The Canadian federal government is introducing new incentives for EV charging installations to encourage people and businesses to switch to electric vehicles. Clean fuel carbon credits are market-driven incentives available to network operators and site hosts who are involved in the installation and management of EV charging stations across Canada.
As opposed to grants and rebates that may come from taxpayers, clean fuel credits are generated by EV charging stations and sold to fossil fuel producers who are regulated to purchase carbon offset credits for emissions. This way, emitters are mandated to fund the clean energy transition, and if carbon prices rise, they will be incentivized to reduce their carbon footprint.
For the new Canada CFR credits, only network operators and site hosts can generate clean fuel credits. As defined by the Canadian Clean Fuel Regulation, let’s take a closer look at the differences between these two groups, and how they can take advantage of these incentives for EV charger installation.
Note for BC charging stations: There are two types of clean fuel credits that you can generate: Canada CFR and BC LCFS. This article refers to Canada CFR credits only. The BC LCFS credit system does not differentiate between a network operator or site host.
It’s important to figure out if you want to be network operator or site host. Your role determines how you must spend revenue earned from the sale of your clean fuel credits in Canada.
If you are a site host, there are no revenue restrictions as a return on your investment. Note: residential homeowners do not qualify to be site hosts.
If you are a network operator, you must spend the revenue from the sale of Clean Fuel credits within two years (730 days) of the credit sale by expanding your electric vehicle charging infrastructure; and/or by providing financial incentives to purchase or operate an electric vehicle.
A network operator for EV charging is responsible for the management and operation of a network of charging stations (chargers). For the purpose of CFR credits, they operate the network that collects data on the electricity supplied by a charging station and own that data.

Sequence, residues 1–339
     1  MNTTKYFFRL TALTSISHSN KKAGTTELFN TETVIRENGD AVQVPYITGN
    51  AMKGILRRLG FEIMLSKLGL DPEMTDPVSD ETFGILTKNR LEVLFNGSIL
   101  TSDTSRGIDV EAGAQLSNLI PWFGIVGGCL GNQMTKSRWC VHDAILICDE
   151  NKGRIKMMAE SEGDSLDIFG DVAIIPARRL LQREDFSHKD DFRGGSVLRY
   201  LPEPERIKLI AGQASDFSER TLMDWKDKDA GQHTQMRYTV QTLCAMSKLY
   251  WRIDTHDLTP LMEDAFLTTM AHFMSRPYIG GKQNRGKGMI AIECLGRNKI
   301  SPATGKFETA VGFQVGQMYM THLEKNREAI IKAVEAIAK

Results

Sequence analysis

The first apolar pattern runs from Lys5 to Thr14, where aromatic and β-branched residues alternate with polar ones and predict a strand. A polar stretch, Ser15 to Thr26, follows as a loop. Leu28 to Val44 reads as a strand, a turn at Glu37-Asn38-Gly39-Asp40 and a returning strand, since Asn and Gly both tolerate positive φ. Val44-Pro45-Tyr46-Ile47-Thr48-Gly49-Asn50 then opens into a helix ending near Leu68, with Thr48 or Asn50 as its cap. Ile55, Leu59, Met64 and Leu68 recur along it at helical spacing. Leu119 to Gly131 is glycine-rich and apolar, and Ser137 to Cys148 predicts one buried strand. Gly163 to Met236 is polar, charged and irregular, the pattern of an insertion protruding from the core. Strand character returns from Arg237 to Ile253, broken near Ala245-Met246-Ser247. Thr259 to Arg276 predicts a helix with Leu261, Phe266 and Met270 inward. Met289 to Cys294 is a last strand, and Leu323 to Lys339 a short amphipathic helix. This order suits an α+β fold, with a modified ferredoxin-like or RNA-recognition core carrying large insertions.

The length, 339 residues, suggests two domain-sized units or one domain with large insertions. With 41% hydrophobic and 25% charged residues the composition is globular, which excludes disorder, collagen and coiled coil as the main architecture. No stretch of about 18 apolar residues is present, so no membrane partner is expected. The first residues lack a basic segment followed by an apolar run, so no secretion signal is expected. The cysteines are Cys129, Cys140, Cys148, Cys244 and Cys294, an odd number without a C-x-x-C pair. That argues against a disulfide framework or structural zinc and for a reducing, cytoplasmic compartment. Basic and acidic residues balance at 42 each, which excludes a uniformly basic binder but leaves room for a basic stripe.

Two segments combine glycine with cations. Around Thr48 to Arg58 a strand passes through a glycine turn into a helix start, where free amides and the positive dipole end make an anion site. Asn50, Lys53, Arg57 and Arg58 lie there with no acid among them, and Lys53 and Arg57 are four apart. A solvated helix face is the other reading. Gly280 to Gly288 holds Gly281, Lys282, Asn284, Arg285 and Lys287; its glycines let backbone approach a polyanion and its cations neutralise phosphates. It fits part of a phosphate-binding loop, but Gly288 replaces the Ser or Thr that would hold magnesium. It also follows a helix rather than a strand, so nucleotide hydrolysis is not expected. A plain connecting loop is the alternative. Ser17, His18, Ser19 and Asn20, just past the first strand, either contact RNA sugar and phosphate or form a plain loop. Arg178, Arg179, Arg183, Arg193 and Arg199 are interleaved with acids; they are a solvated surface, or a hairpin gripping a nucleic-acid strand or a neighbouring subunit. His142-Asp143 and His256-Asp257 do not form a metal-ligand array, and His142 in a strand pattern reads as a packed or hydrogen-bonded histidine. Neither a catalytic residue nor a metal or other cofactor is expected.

The network operator might own or lease the charging stations.
The network operator is responsible for:
A site host for EV charging is responsible for the physical location of a charging station and the infrastructure necessary to support it. For CFR credits, the site host owns or leases the property, may own or lease the charging stations, and have the legal right to have the charging station installed.
The site host has/is responsible for:
To build a successful EV charging network, it’s essential that network operators and site hosts work together in close collaboration. The success of an EV charging network depends on close collaboration and partnership between network operators and site hosts.
As a network operator, you might work with site hosts to identify new locations for charging stations or to integrate charging stations into existing infrastructure. You might also work with site hosts to ensure that the charging stations are properly maintained and serviced, and that any issues are quickly resolved.
As a site host, you might work with network operators to ensure that the charging stations are properly integrated into the power grid and that they meet the needs of EV drivers in your area. You might also work with network operators to provide data and feedback that can help to improve the overall performance of the charging network.
Claiming credits is based on a per-site arrangement. A business can be a network operator for one site and a site host for another site.
Ownership of the clean fuel credits depends on the contract terms between the network operator and the site host for each charge site, since only one party can claim them.
The number of credits you can generate is based on the energy supplied to EVs. This means, aggregation and total energy supplied across one or multiple sites generates the highest amount revenue with lower fees.
This is where creative business solutions can be made to benefit both network operators and sites hosts. The revenue can be used for financing, revenue share, discounting and other business arrangements. Here are a couple of use cases.
When to be a network operator:
Note: Network operations needs to spend the money they earn from clean fuel credits within two years of a credit sale, through infrastructure expansion or by providing incentives to purchase EVs. Rewatt helps customers sell credits at least once per year.
When to be a site host:
Both network operators and site hosts play crucial roles in building and maintaining a robust and reliable EV charging infrastructure in Canada. By working together in close collaboration and partnership, we can help to create a sustainable and accessible transportation system for all Canadians.